If the only reason you’re still renting is because you think you can’t own a home, think again.
There are lots of great reasons you might choose to rent; a temporary job, you’re in school, maybe you’re considering a move to another part of the country. But if you plan on being in Greater Portland for more than a couple of years, a purchase could be well worth pursuing. Thanks to some incredible loan programs, buying might be easier than you ever imagined too.
Here are five things reasons it’s a better time than ever to buy vs. rent.
1) Low Down Payment Requirements Make Ownership Amazingly Easy
I speak with people all the time who assume a home purchase requires 20% down. Nothing could be further from the truth. 5%-down and 3.5%-down programs like FHA are common (FHA is not a “low-income” program. 40% of all mortgages in the country are FHA loans!), and according to a mortgage broker I like and trust very much, Kim Brown with Carriage House Mortgage in Falmouth, there is currently a conventional mortgage available that requires only 1% down. It doesn’t get much better than 1% down!
2) Interest Rates Are Going Up
I’m not an interest rate alarmist, but when I was looking at buying my first home in 2003, I called my father because I was concerned about the high 6% interest rate I had been quoted on my mortgage. (I had crummy credit at the time.) His advice was, “Buy a home! When your mother and I bought our first home in 1973, we paid 11.5%, and that was a good rate!
My point is, interest rates have been at historical lows for years now. Even if they go up to 5.5%, that is still a terrific rate, but who knows how high they’ll go? If you’re even remotely interested in home ownership, why not get in at as low a rate as possible?
3) Owning is Cheaper Than Renting
According to this article from rentcafe.com, as of February 2017, the average rent for a 2 bedroom, 866 square foot apartment in Portland was $1414. Using the calculator available here, we can see the monthly payment on a $250,000 mortgage is roughly $1641 with taxes and insurance included. Now obviously, you are not going to buy a home in downtown Portland for $250,000 anymore, but you might find one very close by. And when you own your own home, you don’t jockey for parking, you usually don’t climb three flights of stairs to get home, and don’t have to smell your neighbor boiling cabbage anymore. Also, consider this: Mortgage brokers are in the people business (or they should be), so even if for some reason (not-quite-perfect credit, a bit too much debt) you’re not quite ready to buy, they will help you understand what you need to do in order to get ready. And no matter how bad you think your situation is, they’ve seen worse.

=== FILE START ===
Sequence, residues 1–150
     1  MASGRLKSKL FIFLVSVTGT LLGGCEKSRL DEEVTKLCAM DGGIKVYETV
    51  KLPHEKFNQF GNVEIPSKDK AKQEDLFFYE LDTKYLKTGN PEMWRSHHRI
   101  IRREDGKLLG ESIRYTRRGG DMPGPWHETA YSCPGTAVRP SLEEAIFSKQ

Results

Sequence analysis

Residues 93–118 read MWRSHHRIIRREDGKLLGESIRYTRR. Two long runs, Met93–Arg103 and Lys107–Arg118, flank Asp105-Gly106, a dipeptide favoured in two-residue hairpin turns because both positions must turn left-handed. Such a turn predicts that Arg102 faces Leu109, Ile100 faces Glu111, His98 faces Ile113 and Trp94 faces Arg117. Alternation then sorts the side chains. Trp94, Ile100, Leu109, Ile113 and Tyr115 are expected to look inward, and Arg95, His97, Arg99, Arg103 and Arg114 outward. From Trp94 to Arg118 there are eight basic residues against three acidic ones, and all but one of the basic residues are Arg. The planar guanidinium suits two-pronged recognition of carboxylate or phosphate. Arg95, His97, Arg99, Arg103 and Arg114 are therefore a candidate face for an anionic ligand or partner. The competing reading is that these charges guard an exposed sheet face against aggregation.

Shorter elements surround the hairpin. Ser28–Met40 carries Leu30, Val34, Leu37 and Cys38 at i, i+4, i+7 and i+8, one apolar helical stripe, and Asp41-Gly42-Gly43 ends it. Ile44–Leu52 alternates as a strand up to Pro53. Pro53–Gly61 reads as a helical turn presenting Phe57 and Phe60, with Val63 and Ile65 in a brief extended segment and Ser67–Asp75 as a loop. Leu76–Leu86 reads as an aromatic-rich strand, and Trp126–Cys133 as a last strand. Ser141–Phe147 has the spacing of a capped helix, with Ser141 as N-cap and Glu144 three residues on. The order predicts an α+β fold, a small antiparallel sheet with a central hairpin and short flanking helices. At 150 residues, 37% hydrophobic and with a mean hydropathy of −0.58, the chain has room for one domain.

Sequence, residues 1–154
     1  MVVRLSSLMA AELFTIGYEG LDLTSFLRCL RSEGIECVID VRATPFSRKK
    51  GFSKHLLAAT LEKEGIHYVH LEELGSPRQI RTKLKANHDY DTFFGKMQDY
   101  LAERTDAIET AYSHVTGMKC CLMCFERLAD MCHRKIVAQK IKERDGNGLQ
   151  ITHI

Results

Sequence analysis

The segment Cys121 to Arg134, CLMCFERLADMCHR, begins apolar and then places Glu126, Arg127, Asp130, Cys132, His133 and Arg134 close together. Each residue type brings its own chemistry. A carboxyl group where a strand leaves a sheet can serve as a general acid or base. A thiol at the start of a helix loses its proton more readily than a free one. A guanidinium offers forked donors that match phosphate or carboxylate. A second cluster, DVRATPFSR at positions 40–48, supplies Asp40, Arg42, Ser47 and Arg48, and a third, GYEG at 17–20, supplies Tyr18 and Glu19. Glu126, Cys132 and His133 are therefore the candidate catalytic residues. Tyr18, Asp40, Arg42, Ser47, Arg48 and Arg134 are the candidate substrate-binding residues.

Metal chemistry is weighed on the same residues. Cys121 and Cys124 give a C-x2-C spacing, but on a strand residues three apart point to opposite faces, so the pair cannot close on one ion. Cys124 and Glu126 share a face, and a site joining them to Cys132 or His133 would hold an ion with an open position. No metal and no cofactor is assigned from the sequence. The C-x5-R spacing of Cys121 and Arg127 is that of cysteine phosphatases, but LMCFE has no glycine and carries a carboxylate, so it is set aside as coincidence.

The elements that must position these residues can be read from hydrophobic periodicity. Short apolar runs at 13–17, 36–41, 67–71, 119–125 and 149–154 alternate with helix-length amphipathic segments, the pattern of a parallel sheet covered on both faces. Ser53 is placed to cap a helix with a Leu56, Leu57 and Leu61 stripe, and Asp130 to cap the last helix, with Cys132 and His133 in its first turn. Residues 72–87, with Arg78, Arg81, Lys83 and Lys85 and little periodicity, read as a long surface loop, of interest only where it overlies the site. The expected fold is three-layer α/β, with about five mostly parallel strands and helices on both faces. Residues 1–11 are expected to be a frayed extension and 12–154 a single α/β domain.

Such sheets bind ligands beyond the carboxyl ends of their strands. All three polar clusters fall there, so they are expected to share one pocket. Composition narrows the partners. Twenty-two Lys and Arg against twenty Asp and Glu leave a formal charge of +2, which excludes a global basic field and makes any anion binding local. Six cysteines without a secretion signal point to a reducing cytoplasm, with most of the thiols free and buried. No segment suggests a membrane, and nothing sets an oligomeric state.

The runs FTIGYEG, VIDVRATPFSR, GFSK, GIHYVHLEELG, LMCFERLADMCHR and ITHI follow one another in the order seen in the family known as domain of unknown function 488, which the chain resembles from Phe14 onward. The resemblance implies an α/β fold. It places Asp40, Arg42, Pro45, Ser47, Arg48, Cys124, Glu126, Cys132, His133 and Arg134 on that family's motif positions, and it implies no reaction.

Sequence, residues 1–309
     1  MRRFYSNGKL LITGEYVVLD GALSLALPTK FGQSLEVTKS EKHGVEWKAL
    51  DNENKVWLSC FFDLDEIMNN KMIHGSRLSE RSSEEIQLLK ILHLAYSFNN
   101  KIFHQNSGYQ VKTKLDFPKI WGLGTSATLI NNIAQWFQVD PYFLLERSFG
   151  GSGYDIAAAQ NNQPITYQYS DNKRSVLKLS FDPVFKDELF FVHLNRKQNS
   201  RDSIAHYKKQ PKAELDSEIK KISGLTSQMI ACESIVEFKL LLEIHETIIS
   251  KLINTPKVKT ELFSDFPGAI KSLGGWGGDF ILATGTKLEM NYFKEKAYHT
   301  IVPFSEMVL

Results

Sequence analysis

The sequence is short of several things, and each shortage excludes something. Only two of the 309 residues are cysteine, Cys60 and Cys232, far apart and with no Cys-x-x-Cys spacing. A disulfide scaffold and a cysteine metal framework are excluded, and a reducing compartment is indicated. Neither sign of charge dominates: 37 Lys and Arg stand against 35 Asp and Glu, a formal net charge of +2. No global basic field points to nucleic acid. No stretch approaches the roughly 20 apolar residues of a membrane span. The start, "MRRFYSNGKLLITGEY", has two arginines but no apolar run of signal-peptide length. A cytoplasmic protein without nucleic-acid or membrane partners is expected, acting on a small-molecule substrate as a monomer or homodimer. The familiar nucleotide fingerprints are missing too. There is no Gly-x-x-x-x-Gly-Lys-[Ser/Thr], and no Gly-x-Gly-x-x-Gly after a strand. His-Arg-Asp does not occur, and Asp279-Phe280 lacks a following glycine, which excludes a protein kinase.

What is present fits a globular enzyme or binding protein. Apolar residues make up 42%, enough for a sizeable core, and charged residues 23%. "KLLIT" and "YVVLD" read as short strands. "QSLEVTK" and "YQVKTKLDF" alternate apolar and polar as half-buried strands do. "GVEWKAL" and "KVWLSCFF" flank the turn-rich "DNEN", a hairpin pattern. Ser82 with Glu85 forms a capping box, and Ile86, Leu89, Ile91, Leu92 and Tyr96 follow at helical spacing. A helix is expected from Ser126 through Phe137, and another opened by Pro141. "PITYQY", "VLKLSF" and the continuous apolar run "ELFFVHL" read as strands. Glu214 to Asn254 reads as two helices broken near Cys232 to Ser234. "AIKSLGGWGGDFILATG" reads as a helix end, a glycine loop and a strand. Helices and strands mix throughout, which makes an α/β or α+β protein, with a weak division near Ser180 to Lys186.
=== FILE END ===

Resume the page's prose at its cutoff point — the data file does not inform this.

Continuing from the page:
4) Renting Gets More Expensive and Offers Zero Return. Owning Builds Equity.
Even if you’re not interested in investing in real estate to make money, just by buying a home, you are making one of the safest investments available. In general, a home will always have value. And in a market like Greater Portland, the chance of a home being worth less than you paid for it, even after just a few years, assuming you maintain it, is pretty low. In short, owning a home in our area is very good bet, particularly when compared to renting for the same amount of time.
5) Multi-Units Are A Great Compromise
Most mortgage lenders will not only loan you money to buy an apartment building at the same rates as a single family home, but will also allow you to count your expected rental income as part of your total income! If you have the right personality, owning a multi-unit can be an amazingly effective way to let tenants help you pay your mortgage, while you build equity and avoid moving “out to the suburbs” if you’re not quite ready for the minivan-and-picket-fence life yet.
If you’re renting and want to own, the easiest way to find out if you’re ready is to call me at 207-799-7600, or email me at email@example.com. I can put you in touch with an honest, reputable mortgage broker who can help you understand how to get out of the rental game and into your own place.